#StopTheNSA is trending on Twitter and the “Cat Signal” is up over at Fight For The Future — a non-profit internet rights organization behind The Day We Fight Back — as social media users protest surveillance on the web.
Today, February 11, has been declared The Day We Fight Back, and posts circulating on Twitter and Facebook are boosting the signal regarding mass surveillance and its looming threat to a free and open internet:
Big names on the internet such as Demand Progress, the Electronic Frontier Foundation, Fight for the Future, Free Press, BoingBoing, Reddit, Mozilla, ThoughtWorks, Tumblr, and Imgur have thrown their support behind the #StopTheNSA initiative.
Over on Reddit, u/hueypriest — the site’s General Manager — explained to Redditors:
“If you’re in the U.S., Call Congress today. Dial 202-552-0505 or click here to enter your phone number and have the call tool connect you. Ask your legislators to oppose the FISA Improvements Act (a bill that attempts to legalize bulk data collection of phone records), support the USA Freedom Act (a bill that works to curtail NSA surveillance abuses), and enact protections for non-Americans. Details on these bills and other legislation can be found in the blog post.
Here’s what you should say:
I’d like Senator/Representative __ to support and co-sponsor H.R. 3361/S. 1599, the USA Freedom Act. I would also like you to oppose S. 1631, the so-called FISA Improvements Act. Moreover, I’d like you to work to prevent the NSA from undermining encryption standards and to protect the privacy rights of non-Americans.
If you’re not in the U.S., demand that privacy protections be instituted.
It takes five minutes, and it DOES have an impact. Make the phones on Capitol Hill melt down, Lawnmower Man style.”
David Segal, executive director of Demand Progress, discussed The Day We Fight Back as he remembered his late collaborator Aaron Swartz:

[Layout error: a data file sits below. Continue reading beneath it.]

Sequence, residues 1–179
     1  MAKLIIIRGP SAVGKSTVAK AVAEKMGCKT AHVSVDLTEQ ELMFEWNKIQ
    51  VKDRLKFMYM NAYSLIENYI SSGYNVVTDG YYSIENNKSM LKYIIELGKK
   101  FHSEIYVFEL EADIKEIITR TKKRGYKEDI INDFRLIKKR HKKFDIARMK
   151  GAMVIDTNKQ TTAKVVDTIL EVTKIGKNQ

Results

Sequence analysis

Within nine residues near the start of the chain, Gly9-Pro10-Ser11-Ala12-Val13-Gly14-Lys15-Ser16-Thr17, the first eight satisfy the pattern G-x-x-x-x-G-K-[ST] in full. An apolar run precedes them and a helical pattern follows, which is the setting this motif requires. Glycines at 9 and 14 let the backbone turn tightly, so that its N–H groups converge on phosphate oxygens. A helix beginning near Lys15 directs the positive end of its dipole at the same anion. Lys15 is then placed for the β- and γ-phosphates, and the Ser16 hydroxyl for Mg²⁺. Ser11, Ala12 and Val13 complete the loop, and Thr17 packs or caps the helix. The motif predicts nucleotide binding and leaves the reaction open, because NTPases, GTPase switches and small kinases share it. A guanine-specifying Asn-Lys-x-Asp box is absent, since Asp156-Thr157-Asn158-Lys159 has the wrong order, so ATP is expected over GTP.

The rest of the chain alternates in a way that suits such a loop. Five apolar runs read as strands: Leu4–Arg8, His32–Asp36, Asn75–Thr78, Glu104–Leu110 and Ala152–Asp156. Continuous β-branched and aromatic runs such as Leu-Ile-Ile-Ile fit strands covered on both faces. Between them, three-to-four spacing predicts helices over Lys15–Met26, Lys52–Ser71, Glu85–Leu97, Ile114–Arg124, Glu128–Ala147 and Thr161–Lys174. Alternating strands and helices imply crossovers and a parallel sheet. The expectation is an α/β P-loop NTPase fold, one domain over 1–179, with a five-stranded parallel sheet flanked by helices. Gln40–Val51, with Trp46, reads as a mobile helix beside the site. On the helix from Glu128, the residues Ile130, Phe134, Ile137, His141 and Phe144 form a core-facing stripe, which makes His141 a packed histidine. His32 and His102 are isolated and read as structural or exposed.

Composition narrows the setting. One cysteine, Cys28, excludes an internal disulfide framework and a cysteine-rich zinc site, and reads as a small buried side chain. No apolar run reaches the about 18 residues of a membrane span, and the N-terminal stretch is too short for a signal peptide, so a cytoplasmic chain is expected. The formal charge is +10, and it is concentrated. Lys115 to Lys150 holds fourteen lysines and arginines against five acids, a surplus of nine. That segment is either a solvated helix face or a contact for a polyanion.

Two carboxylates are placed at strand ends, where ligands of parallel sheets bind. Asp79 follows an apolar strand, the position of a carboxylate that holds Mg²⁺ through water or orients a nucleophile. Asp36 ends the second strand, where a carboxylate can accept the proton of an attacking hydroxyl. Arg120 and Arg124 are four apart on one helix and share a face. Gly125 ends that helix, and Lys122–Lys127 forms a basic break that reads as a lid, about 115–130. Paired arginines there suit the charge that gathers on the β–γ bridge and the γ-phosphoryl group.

“Today the greatest threat to a free Internet, and broader free society, is the National Security Agency’s mass spying regime. If Aaron were alive he’d be on the front lines, fighting back against these practices that undermine our ability to engage with each other as genuinely free human beings.”
ThoughtWorks’ Roy Singham also worked with Swartz, and he explained:
“Aaron showed us that being a technologist in the 21st century means taking action to prevent technology from being turned against the public interest. The time is now for the global tribe of technologists to rise up together and defeat mass surveillance.”
In the press release, Josh Levy of Free Press commented on ongoing action toward the #StopTheNSA initiative:
“Since the first revelations last summer, hundreds of thousands of Internet users have come together online and offline to protest the NSA’s unconstitutional surveillance programs. These programs attack our basic rights to connect and communicate in private, and strike at the foundations of democracy itself. Only a broad movement of activists, organizations and companies can convince Washington to restore these rights.”
— Anis (@TheBlogPirate) February 11, 2014
Brett Solomon of Access commented, saying Swartz believed in an unencumbered internet:
“Aaron thought in systems. He knew that a free and open internet is a critical prerequisite to preserving our free and open societies. His spirit lives in our belief that where there are threats to this freedom, we will rise to overcome them. On February 11th, we’ll rise against mass surveillance.”
To participate, tweet or Facebook the #StopTheNSA hashtag, and go to thedaywefightback.org to read more.